You can definitely use the TPIC6A596 from Texas Instruments.
Its outputs are more than capable of driving your relays, to have 150 outputs you will need to daisy chain 19 of them.
The chip features an eight bit shift register, clocked by the
SRCK pin. This shift register can then be loaded at once in the output register, so that the relays will always be driven.
To daisy chain the chips you will need to connect the
SER OUT pin of the first chip to
SER IN pin of the second, and so on. The last
SER OUT can be left unconnected, while the first
SER IN must be connected to the Arduino.
/G pins can all be connected together and to other four outputs of the Arduino, so that you will need a total of five pins to drive your chain.
A pseudo routine to manage the whole thing follows:
At power up you want to keep both clock inputs low while resetting both the shift register and the output register tying
/SRCLR low. It is probably a good idea to keep the output stage disabled too, keeping
Now that the chips are in a know state, release the reset and tie the enable high. All the relays are off and you are ready to clock in the first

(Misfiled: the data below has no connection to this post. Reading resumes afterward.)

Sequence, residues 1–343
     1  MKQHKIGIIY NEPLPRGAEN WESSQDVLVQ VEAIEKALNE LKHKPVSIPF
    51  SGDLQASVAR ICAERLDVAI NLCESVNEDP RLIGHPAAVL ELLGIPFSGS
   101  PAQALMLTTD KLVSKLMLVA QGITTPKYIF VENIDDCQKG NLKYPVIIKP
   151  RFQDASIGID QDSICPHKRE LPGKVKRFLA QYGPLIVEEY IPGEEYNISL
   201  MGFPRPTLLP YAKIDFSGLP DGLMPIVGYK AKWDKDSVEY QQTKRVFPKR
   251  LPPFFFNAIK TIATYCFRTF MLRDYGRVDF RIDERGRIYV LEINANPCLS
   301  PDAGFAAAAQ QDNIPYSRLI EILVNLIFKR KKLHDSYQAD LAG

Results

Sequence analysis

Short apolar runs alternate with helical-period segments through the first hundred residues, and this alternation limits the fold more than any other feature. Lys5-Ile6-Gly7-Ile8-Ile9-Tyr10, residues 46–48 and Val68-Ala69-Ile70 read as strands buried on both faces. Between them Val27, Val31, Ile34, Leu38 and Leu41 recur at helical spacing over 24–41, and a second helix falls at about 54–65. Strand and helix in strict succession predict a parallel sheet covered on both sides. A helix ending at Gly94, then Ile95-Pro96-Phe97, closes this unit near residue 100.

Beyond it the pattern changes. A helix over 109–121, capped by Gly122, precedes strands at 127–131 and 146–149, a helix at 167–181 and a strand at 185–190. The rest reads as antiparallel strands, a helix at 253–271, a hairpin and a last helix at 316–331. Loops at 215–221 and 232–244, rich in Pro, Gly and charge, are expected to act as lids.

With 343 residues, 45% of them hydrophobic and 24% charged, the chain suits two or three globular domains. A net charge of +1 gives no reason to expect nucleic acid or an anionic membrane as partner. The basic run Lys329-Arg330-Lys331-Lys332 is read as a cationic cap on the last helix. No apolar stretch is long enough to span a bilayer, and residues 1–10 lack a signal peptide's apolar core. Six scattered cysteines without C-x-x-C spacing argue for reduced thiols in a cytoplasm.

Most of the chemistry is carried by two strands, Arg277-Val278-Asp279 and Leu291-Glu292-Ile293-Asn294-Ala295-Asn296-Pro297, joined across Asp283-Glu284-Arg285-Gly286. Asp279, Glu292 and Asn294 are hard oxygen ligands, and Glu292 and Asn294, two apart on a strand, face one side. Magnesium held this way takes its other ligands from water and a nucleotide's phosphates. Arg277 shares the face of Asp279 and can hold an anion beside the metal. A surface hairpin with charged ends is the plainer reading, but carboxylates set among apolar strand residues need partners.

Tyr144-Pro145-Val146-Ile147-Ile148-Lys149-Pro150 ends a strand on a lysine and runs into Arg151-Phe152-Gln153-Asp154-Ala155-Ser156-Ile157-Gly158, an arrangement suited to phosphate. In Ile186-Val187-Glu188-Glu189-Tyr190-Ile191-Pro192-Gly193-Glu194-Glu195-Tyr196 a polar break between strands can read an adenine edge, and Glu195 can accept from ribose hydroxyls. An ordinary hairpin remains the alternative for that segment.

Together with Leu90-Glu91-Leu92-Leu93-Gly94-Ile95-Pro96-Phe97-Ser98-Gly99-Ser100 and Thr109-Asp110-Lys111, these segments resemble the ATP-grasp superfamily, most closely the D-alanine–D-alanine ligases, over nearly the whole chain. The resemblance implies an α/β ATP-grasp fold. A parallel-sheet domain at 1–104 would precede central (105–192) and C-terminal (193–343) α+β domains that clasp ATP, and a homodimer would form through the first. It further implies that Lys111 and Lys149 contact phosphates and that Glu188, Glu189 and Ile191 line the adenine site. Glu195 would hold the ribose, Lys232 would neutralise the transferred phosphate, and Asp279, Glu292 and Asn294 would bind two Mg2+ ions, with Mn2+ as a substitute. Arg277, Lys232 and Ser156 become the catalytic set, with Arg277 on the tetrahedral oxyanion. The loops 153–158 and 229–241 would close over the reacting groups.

To do so just start toggling the
SRCK pin while putting data on the output pin of the Arduino. The data is sampled by the chips on the rising edge of the clock. For proper timing please refer to the datasheet, maximum clock frequency is 10MHz, a full shift requires about 15.2us.
When all the data is clocked in, stop toggling
SRCK, keeping it low, and produce a single clock pulse on
RCK: the output registers are simultaneously loaded with your data.
When you want to change something just clock in the new bits and only when you are finished strobe
RCK: doing so you ensure that the relays status is known at any given time.
This is about it, but there are a couple of remarks:
You will need to add protection diodes to your relays. This site is full of examples about it so I won't dig into the issue.
The typical RdsON is \$1\Omega\$. Your relays are 50mA, eight of them adds up to 400mA, this is 400mW dissipated in the chip. Times 19 chips it adds up to 7.6W. This is quite some power, and your board design should take this in account. There are some thermal suggestions on the datasheet, please read them and understand the implications. Without a copper heatsink the thermal resistance is 80degC/W, at 0.4W that's 32degC above ambient temperature. Depending on your application this might be acceptable or not.
Maximum operating frequency is 10MHz, but I have got the feeling that you do not need to go this fast. Keep also in mind that you will be driving 19 inputs with a single Arduino output for the common pins. This is probably fine but the capacitive load can be quite high, so the rise and fall time will be long. I am not sure if this is an issue, this needs some measurements, but if you keep your clock slower you are safer and probably meet your timing specifications anyway.